"the shaman’s ... drum ... had an oval shape and consisted mostly of a wooden frame and a membrane made of reindeer shammy [deer-leather]. The shaman drew figures on the drum-skin with the juice from the alder-bark. They represented gods, spirits ... Usually these figure were arranged around a circle in the centre, representing the sun ... The back side of the drum had various power objects attached with leather thongs, such as bear claws, bear penis bones and bear teeth."

p. 142 drum-divination

"The diviner drummed so that a small object, called arpa, moved over the drum-skin. The figure where it stopped was the answer to the question that had been posed : Where can I find the wild game? What spirit caused the disease?"


pp. 158-165 M. Khrushcheva ; "Shamanism in the Udmurt Ethnic Tradition"

spiritual practitioners






beadle, maker of vo:s`as`-kons (‘prayers’)







p. 159 the dead

"According to the ... Udmurts, the soul of the dead turned into a moth.

The Estonians ... similar".

pp. 159-160 deities in the worlds





In S`o:r (‘sky above’)

In-Mumy (‘heaven’s mother’)

S^undy-Mumy (‘sun’s mother’)

Gudyry-Mumy (‘thunder’s mother’)


In Dun`n`e (‘sky-world’)

Inmar (sky-air [god])

Kwaz` [Northern Urdmurt] (weather [god])

To:l-Peri (wind spirit)


Tapal Dun`n`e (‘this world’)

N`ules-N`un`a / N`ules-Murt (god of woods & winds)

Kyldys`in, Kyl`c^in, Mu-Kyldys`in (earth [god])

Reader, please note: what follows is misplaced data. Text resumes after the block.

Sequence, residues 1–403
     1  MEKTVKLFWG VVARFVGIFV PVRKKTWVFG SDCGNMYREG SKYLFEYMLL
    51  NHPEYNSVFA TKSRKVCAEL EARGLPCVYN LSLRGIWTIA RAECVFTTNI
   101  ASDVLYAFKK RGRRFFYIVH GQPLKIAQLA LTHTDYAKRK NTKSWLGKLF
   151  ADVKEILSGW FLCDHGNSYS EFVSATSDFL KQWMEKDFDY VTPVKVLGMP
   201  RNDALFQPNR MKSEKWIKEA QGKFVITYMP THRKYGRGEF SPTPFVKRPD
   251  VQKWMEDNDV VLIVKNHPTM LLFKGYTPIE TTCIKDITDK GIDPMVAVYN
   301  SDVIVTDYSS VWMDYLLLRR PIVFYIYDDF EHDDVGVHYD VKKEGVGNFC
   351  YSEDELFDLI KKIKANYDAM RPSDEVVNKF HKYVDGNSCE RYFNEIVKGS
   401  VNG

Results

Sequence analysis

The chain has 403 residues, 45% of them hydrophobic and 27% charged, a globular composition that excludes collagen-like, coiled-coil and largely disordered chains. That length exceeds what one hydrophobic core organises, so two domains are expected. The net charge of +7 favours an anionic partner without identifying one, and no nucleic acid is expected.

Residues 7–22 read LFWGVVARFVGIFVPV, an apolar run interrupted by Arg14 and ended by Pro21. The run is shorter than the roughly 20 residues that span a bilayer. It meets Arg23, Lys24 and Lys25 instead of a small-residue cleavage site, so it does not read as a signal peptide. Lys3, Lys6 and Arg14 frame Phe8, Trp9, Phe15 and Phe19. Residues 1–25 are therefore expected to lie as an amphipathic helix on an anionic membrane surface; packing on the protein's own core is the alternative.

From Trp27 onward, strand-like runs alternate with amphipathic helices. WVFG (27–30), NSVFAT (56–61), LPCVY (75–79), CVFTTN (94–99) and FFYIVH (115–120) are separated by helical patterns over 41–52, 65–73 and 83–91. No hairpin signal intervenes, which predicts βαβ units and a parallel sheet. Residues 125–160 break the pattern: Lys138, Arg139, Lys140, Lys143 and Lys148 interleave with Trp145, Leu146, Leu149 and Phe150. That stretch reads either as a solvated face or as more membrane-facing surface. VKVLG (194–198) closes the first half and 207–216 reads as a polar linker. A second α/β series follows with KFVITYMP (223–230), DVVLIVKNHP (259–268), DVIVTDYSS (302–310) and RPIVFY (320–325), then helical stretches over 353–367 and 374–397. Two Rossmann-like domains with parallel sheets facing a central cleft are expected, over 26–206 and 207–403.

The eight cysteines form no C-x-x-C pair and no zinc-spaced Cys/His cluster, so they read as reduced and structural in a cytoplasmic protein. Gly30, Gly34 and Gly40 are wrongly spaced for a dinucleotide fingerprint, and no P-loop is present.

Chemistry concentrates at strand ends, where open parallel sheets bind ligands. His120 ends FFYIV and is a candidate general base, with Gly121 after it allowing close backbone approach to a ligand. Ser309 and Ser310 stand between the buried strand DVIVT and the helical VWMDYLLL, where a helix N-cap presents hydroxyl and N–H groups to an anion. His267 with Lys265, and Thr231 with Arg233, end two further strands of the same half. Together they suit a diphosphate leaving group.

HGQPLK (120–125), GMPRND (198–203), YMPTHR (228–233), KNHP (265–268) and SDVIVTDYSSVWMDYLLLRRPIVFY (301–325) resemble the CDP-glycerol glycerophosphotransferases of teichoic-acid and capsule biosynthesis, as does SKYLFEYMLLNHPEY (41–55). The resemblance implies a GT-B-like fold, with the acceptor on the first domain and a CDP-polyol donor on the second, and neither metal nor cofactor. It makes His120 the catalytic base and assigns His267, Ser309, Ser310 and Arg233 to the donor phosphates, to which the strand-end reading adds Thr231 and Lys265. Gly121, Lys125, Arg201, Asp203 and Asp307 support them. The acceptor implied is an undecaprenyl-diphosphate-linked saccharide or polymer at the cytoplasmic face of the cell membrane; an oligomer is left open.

Mez^a-Voz`mas` (boundary-protector)

Bytsym-N`un`a (cattle-protector)

In-Vu (‘heaven’s water [god]’)

Vu-Murt / Vu-Kuz`o (water-spirit / water-god)

Vors^ud (‘keeper-feeder’ : protector of kin)

Korka-Murt (‘home spirit’)

Gid-Murt (‘yard-spirit’)

Mync^o-Murt (‘bath-house spirit’)

Obin`-Murt / Obin`-Kuz`o (‘barn-spirit / barn-god’)


Sopal Dun`n`e (‘other world’)

Voz^o (evil [spirits])

C^er (illness [spirit])

Kutys` (violent-death [spirits])

p. 161 "calendar of timing of prayings" to deities


prayer & sacrifices to __ (deity)

e ke-l`an


eve of Gery potton (in Dzekkwala)


eve of Gery potton (in home tent of skins)


eve of Gery potton

all the deities

Gery potton (in the field)


Gery potton (in the village houses)


Gery s`ektan



ETHNOLOGICA URALICA, 3 = Miha`ly Hoppa`l & Juha Pentika:inen (eds.) : Northern Religions and Shamanism. Budapest : Akade`miai Kiado`; Helsinki : Finnish Literature Society, 1992.